Madame Gres and blah-blah-blah

A few more of Gres gowns. I’m glad she’s now getting all the attention she deserves but at the same time I couldn’t help but think ‘where all of you have been before?’.  I mean as the saying goes the history is written by the victors and in fashion this means that the history of fashion is written by the most powerful and famous brands. Using their influence they could create whatever story they want. That’s why now we have such myths as the one about Coco Chanel ‘who invented the little black dress’.

Although today it seems that we know everything about fashion it’s mostly about the big names. There are tens of books about Dior or YSL and only 3 about Gres (at least as far as I know) and one of them is dedicated to the recent exhibition in Paris. Actually it’s quite logical that the fashion biggies support their status by publishing books and sponsoring museum exhibitions, not to mention all this usual pr routine with the campaigns, videos etc. However I feel that through this activity the brands not only try to keep their clientele in the loop and attract the new ones but they also try to exaggerate their roles in the history of fashion. Though all of it is understandable I still wish more people knew about the likes of Charles James, Mariano Fortuny, Boue sisters and other great talents that remain largely unknown because their Houses didn’t last until now becoming the world renowned megabrands.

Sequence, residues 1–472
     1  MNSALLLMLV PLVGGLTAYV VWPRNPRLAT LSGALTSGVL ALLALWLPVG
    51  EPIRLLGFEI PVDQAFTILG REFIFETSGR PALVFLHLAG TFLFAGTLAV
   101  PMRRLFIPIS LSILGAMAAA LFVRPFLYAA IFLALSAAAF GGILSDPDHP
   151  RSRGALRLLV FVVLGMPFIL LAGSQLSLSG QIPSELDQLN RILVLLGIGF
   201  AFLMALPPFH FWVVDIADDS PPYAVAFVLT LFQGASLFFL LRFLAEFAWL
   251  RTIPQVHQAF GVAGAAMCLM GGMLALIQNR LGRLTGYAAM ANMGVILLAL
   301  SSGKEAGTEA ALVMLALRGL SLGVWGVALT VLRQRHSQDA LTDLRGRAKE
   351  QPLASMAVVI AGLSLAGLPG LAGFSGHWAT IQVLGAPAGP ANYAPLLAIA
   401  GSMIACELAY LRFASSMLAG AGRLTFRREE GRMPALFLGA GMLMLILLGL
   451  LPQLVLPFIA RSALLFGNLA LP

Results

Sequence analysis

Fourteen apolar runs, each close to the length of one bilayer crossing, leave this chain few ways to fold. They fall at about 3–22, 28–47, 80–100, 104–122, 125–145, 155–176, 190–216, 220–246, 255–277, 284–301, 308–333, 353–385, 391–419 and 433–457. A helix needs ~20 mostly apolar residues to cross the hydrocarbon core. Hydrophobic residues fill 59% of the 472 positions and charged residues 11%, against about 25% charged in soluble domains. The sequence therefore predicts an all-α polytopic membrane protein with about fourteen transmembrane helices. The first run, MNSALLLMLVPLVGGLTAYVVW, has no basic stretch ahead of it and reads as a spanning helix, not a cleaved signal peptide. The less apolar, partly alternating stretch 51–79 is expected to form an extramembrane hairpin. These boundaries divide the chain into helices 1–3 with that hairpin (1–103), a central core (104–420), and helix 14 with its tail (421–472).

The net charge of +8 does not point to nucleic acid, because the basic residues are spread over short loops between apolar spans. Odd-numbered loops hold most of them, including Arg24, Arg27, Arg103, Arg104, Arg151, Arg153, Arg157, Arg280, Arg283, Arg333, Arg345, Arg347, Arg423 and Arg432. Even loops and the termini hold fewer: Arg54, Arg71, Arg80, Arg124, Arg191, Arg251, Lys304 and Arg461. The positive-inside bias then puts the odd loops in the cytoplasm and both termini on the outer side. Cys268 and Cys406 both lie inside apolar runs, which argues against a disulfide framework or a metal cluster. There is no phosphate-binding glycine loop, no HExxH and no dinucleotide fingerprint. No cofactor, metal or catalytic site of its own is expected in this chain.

Pictures scanned by me from the book ‘Madame Grès, la couture à l’oeuvre’.

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Past perfect

Few weeks ago I was at the viewing of Kerry Taylor auction for vintage and antique fashion. There was an amazing selection of clothes and accessories from various decades of fashion and even of 18th and 19th centuries. It was a lovely journey through the vintage Chanel, Paco Rabanne, Madame Gres, Galliano, McQueen, Comme des Garcons, Balmain etc. I could see and appreciate every tiny detail in these pieces, how immaculately they was made, how exquisitely decorated. However the ones I liked most of all were those slightly worn out bystanders of the long bygone eras with damaged beadwork, fragile laces, exposed stitching, like this old Lanvin dress. And of course there were quite nice Comme des Garcons and Issey Miyake pieces from late 80s and early 90s.

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